# Two-dimensional explosion

We solve the Euler equations for a compressible gas.

``````#include "compressible.h"
``````

We make boundary conditions free outflow.

``````w.y[top]    = neumann(0);
w.y[bottom] = neumann(0);
w.x[left]   = neumann(0);
w.x[right]  = neumann(0);``````

The domain spans $\left[-1:1\right]×\left[-1:1\right]$.

``````#define LEVEL 7

int main() {
origin (-1, -1);
size (2.);
init_grid (1 << LEVEL);
run();
}``````

Initial conditions come from Toro’s book (Riemann Solvers and Numerical Methods for Fluid Dynamics, 3rd Edition, Springer Ed.) Chapter 17 section 17.1.1 are given in terms of density ($\rho$), pression ($p$), velocity ($u$) both at the left and right side of the discontinuity placed at $R=0.4$.

``````event init (t = 0)
{
double R = 0.4 ;
double rhoL = 1., rhoR = 0.125 ;
double VmL = 0.0, VmR = 0.0 ;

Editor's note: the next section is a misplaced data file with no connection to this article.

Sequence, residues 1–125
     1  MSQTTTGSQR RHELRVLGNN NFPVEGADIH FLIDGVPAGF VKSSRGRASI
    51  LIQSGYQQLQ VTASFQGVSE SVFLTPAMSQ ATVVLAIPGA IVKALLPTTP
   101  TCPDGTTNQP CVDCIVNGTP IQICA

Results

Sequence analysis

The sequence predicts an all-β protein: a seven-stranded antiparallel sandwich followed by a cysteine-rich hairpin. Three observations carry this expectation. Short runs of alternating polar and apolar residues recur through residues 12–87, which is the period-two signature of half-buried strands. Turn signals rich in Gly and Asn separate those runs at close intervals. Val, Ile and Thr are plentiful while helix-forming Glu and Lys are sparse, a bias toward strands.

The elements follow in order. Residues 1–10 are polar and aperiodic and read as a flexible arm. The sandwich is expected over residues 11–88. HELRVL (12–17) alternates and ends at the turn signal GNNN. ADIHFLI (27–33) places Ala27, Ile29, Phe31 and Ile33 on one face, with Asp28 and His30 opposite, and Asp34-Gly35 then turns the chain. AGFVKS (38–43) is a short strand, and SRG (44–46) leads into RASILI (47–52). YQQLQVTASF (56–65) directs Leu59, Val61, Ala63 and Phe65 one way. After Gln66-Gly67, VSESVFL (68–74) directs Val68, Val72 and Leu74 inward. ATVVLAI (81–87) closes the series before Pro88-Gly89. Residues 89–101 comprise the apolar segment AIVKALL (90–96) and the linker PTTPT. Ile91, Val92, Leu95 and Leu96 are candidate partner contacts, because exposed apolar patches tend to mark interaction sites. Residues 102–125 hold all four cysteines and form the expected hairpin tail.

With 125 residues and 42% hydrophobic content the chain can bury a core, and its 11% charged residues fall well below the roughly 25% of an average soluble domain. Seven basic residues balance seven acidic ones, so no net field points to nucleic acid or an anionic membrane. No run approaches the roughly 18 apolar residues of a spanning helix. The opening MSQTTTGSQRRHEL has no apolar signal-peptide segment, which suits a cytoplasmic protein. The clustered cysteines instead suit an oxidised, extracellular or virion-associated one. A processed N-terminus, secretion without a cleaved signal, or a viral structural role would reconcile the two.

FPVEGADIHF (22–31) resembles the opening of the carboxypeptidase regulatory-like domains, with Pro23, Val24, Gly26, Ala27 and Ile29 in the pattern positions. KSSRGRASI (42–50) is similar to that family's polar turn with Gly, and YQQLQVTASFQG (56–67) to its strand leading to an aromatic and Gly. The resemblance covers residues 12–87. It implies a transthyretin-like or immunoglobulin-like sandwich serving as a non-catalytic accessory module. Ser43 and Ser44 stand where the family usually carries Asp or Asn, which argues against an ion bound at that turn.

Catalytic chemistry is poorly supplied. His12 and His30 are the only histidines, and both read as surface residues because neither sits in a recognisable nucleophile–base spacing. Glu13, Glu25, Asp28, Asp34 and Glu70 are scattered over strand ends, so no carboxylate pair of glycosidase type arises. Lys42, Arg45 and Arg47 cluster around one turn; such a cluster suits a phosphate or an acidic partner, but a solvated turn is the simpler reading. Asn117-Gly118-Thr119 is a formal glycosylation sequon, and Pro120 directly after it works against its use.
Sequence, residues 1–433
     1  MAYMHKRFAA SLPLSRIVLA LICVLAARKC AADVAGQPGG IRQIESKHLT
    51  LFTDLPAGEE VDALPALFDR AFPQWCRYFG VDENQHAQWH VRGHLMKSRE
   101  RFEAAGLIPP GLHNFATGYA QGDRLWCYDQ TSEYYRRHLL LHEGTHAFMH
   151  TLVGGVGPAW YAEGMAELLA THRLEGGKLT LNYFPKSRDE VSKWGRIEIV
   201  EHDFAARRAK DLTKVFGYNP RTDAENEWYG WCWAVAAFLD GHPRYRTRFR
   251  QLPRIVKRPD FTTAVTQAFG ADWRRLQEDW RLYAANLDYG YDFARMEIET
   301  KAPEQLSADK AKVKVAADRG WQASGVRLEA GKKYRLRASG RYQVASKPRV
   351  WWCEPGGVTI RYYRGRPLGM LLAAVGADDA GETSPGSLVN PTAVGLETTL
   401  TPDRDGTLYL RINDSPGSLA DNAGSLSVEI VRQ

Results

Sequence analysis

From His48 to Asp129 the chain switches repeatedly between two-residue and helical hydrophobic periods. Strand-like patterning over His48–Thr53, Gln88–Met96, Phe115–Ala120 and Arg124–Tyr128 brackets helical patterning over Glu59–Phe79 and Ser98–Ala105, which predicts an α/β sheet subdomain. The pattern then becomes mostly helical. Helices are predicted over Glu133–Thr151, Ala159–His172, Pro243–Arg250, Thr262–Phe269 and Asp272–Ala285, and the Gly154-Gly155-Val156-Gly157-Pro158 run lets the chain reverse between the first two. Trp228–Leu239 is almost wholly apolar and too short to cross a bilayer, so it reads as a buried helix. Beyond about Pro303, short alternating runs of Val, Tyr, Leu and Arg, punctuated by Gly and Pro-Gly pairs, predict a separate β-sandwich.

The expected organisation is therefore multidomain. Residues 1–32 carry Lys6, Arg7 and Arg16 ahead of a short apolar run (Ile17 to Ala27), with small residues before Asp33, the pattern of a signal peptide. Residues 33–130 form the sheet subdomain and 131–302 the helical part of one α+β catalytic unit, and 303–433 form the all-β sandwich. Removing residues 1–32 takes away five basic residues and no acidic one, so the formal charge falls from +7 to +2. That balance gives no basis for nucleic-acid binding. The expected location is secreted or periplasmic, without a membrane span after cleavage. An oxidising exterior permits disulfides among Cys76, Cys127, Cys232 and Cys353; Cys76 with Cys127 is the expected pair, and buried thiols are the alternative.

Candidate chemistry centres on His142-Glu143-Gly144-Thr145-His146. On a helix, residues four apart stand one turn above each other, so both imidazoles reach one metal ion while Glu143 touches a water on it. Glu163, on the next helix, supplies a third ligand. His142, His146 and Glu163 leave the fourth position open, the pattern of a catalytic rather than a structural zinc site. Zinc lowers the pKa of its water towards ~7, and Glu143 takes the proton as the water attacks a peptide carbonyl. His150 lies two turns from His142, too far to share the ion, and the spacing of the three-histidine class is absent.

double pL = 1.0,  pR = 0.1 ;``````

Left and right initial states for $\rho$, $\mathbf{\text{w}}$ and energy $E=\rho {\mathbf{\text{u}}}^{2}/2+p/\left(\gamma -1\right)$.

``````  foreach() {
double r = sqrt(sq(x) + sq(y));
double p;
if (r <= R) {
ρ[] = rhoL;
w.x[] = w.y[] = VmL;
p = pL;
}
else {
ρ[] = rhoR;
w.x[] = w.y[] = VmR;
p = pR;
}
E[] = ρ[]*sq(w.x[])/2. + p/(gammao - 1.);
w.x[] *= x*ρ[]/r;
w.y[] *= y*ρ[]/r;
}
}

event print (t = 0.25)
{``````

At $t=0.25$ we output the values of $\rho$ and the normal velocity ${\mathbf{\text{u}}}_{n}$ as functions of the radial coordinate.

``````  foreach() {
double r = sqrt(sq(x) + sq(y));
double wn = (w.x[]*x + w.y[]*y)/r;
printf ("%g %g %g\n", r, ρ[], wn/ρ[]);
}``````

For reference we also output a cross-section at $y=0$.

``````  for (double x = 0; x <= 1; x += 1e-2)
fprintf (stderr, "%g %.4f %.4f\n", x,
interpolate (rho, x, 0.),
interpolate (w.x, x, 0.));
}
web trial``````

On quadtrees, we adapt the mesh by controlling the error on the density field.

``````#if QUADTREE
event adapt (i++) {
adapt_wavelet ({ρ}, (double[]){1e-5}, LEVEL + 1);
}
#endif``````

## Results

Results are presented in terms of $\rho$ and normal velocity ${u}_{n}$ for Cartesian (7 levels) and adaptive (8 levels) computations. The numerical results compare very well with Toro’s numerical experiments.